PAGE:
THE banner was hung up at the back of McDiarmid Park's East Stand, behind where St Johnstone's rowdier young fans tend to congregate and make themselves heard.
"Underestimated Since 1884", it read. It was the sort of statement a support feels it can make after the sort of year the Perth club - which often feels a bit patronised and under-appreciated - has enjoyed. It also amounted to a mild warning from those who recently relished their underdog team winning the William Hill Scottish Cup: write us off at your peril.
Still, sometimes all the available evidence suggests it is legitimate to dismiss St Johnstone's prospects, and their Europa League tie against Spartak Trnava is one of them. Scottish clubs simply do not lose 2-1 at home and then turn things around with acts of dramatic heroism away from home.
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An abject performance, especially in the first half, left St Johnstone sinking at 2-0 down after 90 minutes on Thursday night. Dave Mackay's stoppage-time goal restored a faint pulse and Stevie May could be back for the game in Slovakia having been absent with a thigh strain but only if he hasn't left for Rotherham United by that time. Those are, at best, tentative encouragements. Even so, the belief among the St Johnstone players - the hope, in fact - is that Trnava will regard the tie as being over already.
"Every time we're written off, in any big game in the last 12-18 months, we've managed to turn up," said Mackay, although he did confess that the 4-0 League Cup semi-final defeat by Aberdeen last season had been a solitary exception.
"I wouldn't write us off yet but, again, it's a real tricky task. Spartak will be thinking it's 'tie over' after seeing the way we played at times. Anybody who was at the match will be thinking the same. Hopefully that plays into our hands and the real St Johnstone turn up next week."
What is particularly dispiriting for them, ahead of the return game in this third qualifying round, is their obligation to accept that they were beaten by the better side. Spartak Trnava, third in the Slovakian championship last season and currently in the same position again, were sharper and better in possession, and they created far more threat around goal.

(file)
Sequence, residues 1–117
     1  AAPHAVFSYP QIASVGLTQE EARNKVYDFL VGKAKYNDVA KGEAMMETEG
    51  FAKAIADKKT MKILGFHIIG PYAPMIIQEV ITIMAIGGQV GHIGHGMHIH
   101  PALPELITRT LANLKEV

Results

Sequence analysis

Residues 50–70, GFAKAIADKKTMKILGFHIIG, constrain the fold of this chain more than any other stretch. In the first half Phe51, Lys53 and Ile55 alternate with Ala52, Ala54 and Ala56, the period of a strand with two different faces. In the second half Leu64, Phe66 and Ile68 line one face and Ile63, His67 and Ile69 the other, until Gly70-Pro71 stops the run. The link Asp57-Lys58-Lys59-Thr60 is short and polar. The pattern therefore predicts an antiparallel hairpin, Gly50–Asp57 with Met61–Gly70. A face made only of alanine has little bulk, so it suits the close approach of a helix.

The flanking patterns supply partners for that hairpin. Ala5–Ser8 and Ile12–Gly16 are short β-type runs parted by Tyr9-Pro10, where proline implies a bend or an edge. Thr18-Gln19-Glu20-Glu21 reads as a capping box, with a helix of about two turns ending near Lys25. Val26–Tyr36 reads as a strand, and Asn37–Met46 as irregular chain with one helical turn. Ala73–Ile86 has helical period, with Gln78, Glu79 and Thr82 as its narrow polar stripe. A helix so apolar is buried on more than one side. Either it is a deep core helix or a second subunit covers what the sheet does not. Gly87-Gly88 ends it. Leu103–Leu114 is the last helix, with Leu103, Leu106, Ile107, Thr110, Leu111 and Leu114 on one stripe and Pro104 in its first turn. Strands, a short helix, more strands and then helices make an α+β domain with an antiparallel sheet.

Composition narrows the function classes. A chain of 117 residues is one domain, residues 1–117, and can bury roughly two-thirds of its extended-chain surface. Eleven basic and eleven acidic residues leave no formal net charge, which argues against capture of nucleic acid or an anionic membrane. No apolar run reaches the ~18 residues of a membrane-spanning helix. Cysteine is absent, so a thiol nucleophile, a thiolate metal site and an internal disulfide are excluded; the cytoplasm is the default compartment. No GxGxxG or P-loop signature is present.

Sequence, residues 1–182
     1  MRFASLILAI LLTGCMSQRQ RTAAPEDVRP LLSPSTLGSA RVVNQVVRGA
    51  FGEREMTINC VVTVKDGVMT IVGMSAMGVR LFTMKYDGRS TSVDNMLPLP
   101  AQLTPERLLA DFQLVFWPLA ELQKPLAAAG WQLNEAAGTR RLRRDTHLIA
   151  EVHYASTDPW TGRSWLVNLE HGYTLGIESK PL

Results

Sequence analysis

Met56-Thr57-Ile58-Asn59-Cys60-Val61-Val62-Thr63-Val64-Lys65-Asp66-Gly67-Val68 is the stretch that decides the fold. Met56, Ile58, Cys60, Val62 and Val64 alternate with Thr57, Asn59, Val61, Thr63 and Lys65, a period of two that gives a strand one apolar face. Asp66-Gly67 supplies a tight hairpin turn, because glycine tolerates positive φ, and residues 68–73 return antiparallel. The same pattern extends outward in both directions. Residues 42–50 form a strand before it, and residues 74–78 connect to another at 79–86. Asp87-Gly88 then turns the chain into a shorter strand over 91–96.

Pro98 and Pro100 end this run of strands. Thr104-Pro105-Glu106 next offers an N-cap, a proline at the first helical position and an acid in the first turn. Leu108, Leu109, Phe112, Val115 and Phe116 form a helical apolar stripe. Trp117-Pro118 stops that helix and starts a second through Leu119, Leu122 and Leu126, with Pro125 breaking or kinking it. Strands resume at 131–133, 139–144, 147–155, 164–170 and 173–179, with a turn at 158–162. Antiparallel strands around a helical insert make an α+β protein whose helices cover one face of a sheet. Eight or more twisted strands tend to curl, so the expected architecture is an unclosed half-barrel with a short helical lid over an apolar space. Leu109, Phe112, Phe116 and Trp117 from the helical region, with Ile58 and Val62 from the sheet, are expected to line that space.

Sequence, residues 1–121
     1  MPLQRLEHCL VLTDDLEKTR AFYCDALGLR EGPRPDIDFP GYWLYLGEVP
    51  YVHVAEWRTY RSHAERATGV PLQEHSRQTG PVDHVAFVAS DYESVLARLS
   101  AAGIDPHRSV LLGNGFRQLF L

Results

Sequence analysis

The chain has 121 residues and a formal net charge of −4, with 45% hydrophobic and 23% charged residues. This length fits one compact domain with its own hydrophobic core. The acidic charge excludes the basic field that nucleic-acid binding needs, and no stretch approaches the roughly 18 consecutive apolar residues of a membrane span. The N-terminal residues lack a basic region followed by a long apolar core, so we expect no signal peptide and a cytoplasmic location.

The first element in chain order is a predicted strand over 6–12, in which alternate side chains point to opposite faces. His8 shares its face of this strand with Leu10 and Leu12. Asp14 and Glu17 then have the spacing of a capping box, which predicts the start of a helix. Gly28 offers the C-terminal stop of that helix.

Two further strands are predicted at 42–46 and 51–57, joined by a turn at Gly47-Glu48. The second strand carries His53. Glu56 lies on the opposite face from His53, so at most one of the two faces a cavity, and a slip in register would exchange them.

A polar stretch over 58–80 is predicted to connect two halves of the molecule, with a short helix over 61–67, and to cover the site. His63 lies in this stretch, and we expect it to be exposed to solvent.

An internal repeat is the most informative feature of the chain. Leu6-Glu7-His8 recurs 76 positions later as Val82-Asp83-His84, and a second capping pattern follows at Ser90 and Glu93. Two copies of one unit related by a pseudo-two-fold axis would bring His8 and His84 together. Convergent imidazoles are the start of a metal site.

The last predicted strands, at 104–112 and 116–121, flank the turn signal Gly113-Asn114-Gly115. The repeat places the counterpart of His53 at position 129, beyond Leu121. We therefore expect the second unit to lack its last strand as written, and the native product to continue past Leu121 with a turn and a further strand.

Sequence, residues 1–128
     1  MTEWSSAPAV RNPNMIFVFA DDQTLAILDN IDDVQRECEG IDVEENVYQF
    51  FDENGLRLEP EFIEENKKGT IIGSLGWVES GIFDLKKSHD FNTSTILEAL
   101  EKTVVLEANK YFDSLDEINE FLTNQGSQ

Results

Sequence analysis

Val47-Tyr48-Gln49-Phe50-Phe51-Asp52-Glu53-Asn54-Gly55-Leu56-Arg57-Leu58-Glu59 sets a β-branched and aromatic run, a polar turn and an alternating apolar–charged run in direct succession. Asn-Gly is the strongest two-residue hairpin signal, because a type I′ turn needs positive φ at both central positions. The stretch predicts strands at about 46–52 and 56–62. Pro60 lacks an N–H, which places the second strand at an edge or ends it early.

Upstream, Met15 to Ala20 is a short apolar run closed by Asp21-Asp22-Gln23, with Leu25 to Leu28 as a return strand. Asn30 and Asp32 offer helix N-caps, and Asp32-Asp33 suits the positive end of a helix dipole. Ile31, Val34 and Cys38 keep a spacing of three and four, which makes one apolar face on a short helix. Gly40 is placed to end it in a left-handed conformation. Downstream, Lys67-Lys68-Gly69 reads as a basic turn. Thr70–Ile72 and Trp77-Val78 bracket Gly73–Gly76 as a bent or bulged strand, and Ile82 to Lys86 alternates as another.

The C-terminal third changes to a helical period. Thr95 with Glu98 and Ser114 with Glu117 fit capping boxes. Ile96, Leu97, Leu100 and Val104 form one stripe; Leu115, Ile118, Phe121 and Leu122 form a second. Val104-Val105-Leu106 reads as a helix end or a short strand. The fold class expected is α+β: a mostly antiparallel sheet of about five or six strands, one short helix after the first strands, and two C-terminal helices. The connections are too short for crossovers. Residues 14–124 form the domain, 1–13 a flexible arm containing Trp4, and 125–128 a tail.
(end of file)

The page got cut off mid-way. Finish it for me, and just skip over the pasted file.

St Johnstone's inability to retain possession was punished twice and might have been exploited more severely. Trnava are entitled to believe they will win the second leg, too, even though it will be played in a venue 50 miles from their home because their usual stadium is being renovated.
"In the first 45 minutes we were nothing short of a shambles, to be honest," said Mackay. "We didn't keep the ball, we never won any second balls, it just wasn't like a St Johnstone team. I think they played pretty well, they are a decent team, but we made them look like world-beaters at times, the way we played that first half.
"It's just not good enough. The first half we couldn't string two passes together, we were getting the ball and lumping it forward. You just can't do that in Europe, turning the ball over so cheaply."
The captain was inclined to view St Johnstone's sloppy performance as uncharacteristically poor, to the point of being freakishly so. He took that as a wellspring for optimism. "The positive thing is we can't play as bad as that again, that's for sure. We know we have to score two goals at least over there but our better performances in Europe have come in the away ties. I don't think it's dead and buried yet, hopefully they will think it is. They probably will after seeing us. They'll think we're hopeless."
St Johnstone won in Rosenborg and Minsk last season and had a scoring draw in Lucerne last month, three excellent away results. They scored one goal in each of those matches, though, and that alone cannot save them this time. In three consecutive European campaigns it was the first time they had played at home in the first leg. It did not seem to suit them. "I don't know if it was because the first leg was at home, it was as if we didn't know what to do at times," Mackay added.
"It just wasn't like a St Johnstone team, I don't know if we turned up after a good tie last week against a good team [they eliminated Lucerne on penalties] and maybe thought 'we'll just turn up and turn this team over'. It was strange at times, even the fact the fans possibly thought we would turn this team over as well. They booed us off at half-time - maybe a little bit harsh after what we've done over the past 12 months or so. But they have paid good money to come and it wasn't good enough."